Look really closely at the artists' impression on the Arcade hoardings you can see a Bang & Olufsen shop (a very high-end hi-fi emporium - click on the picture above to see it bigger). Which stands in stark contrast to the planned Primark that we, and market traders, fear will put many stalls and smaller shops out of business - see the story below.
The devil is in the detail... The hoardings do say "This image is indicative and does not resember the final scheme" but we think the contrast between Bang & Olufsen and Primark shows how much St Modwen is taking the mickey out of Walthamstow.
The Arcade scheme was supposed to kick off regeneration. But we don't think a massive cheap clothes shop, a boarded up high street and decimated market sounds like regeneration. This planned tower block offers Walthamstow nothing that we want or need, but it threatens to damage what we already have.
If you agree, please join us at noon on Sunday 1st June in Walthamstow town square for a short demo against the tower block plans that promises to be fun for all the family.
Oh and many thanks to the resident who pointed this out - and the many of you who are constantly emailing in with relevant news, it's much appreciated!

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Could Boris block the tower block?

It's well worth reading two stories from yesterday's Evening Standard: The towers that Boris could stop being built and Comment: credit crunch will dictate skyline. These explain that Boris is embracing the powers to veto planning permission that Ken gave himself, but intends to use them to overturn planned tower blocks all over London.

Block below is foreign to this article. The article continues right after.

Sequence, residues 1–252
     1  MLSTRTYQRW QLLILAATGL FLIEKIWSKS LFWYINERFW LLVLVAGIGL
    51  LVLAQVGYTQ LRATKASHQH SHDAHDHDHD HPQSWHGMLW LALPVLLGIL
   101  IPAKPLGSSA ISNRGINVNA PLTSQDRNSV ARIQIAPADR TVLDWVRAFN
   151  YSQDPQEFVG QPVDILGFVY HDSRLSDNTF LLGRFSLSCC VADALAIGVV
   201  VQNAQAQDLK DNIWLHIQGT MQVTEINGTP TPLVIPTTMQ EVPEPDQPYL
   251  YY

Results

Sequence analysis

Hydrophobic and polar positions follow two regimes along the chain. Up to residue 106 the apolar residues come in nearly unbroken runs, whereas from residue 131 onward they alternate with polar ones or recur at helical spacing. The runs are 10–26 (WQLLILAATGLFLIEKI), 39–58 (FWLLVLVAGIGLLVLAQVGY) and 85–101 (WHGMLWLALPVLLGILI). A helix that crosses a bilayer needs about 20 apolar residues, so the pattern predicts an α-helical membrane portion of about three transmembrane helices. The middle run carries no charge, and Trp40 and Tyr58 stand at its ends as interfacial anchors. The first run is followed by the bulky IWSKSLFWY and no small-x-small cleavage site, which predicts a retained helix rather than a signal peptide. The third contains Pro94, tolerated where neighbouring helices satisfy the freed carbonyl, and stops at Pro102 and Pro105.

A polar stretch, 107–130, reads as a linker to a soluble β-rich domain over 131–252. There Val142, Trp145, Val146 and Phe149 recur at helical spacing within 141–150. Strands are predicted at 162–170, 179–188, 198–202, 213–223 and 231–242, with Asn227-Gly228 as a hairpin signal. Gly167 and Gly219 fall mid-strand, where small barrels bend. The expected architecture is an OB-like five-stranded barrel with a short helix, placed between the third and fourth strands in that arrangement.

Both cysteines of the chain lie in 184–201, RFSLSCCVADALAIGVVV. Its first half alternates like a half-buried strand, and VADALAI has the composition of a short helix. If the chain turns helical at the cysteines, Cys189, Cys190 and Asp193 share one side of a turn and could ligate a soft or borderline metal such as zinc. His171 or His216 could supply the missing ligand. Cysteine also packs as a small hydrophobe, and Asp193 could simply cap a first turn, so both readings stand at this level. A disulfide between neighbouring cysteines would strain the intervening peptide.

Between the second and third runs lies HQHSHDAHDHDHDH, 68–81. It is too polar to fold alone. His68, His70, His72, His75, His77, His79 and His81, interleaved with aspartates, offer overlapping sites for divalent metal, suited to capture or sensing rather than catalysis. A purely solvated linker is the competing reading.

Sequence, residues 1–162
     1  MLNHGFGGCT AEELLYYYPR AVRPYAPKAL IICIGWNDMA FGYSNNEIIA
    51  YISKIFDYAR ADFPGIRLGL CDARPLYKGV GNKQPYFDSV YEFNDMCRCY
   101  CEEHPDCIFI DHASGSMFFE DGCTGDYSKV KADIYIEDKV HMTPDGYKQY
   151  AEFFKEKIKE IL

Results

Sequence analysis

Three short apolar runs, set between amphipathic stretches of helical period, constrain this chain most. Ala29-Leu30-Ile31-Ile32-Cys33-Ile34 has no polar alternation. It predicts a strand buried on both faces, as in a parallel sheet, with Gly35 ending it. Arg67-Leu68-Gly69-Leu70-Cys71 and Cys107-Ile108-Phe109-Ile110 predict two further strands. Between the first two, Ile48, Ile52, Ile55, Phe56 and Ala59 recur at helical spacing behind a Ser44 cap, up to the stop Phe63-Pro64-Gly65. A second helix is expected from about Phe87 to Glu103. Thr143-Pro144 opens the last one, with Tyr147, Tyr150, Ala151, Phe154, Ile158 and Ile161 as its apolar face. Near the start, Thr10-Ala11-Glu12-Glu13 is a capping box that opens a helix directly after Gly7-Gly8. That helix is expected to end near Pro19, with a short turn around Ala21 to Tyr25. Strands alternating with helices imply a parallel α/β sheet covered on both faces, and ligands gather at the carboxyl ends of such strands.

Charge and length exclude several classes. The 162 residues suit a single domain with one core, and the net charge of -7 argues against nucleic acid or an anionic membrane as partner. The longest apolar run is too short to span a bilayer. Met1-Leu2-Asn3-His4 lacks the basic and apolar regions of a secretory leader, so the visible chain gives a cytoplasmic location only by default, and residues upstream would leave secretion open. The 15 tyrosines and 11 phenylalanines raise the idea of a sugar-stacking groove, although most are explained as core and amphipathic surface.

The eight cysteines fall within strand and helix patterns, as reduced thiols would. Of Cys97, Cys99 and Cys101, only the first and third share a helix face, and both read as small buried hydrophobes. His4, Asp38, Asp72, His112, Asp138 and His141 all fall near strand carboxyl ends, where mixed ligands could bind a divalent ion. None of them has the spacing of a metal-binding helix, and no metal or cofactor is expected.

The interesting thing is that many of the 14 developments the Standard picks out as likely to be axed are barely taller than the ones we're facing in Walthamstow, on the Arcade site and at Blackhorse Lane. Could we be numbers 15 and 16?!
We're contacting Boris, and his new planning adviser Sir Simon Milton. And we'll let you know how we get on...

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Monday, 19 May 2008

Developer buys Walthamstow Stadium

No prizes for guessing the site of the next piece of overdevelopment for Walthamstow... news reached us this weekend that the world famous Walthamstow Stadium dog track has been sold to a development consortium. See the Walthamstow Guardian story. The sale has been rumoured for years but the owners have long denied it. The track's tote board was listed by English Heritage last year... but now it looks like the stadium will be demolished and the tote board will no be surrounded by yet another high-rise housing development that no-one wants.

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Friday, 16 May 2008

SAVE THE DATE! Sunday 1st June

Our first demo against the tower block plans will be daytime on Sunday 1st June in central Walthamstow.
More details to follow soon but please try to be available for a short, fun protest against the plans that should get us lots of publicity.
New to Fight The Height? Please click here to find out more about how and when you can object to the planned tower blocks that would overshadow low-rise Walthamstow, the planned Primark that would be a disaster for market traders, and the planned multiplex that would be the final nail in the coffin for the EMD/Granada cinema.

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Meeting re: the giant telly

Next Tuesday (20th May) 7:30-9pm at Waltham Forest Theatre in Lloyd Park there will be a meeting about the giant telly - sorry, "live site" - proposed for the town square.
Sadly the meeting is only open to members of Apex Arts (the artists formerly known as Waltham Forest Arts Council). But... you can join on the night for a tenner, so if you're feeling a bit arty and you want to find out more about the plans and question the people behind them (about stuff like why does it have to be right next to the children's playground or why must it be on for 16 hours a day even when there isn't anything worth watching) then why not turn up and sign up!

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Blackhorse Action Group social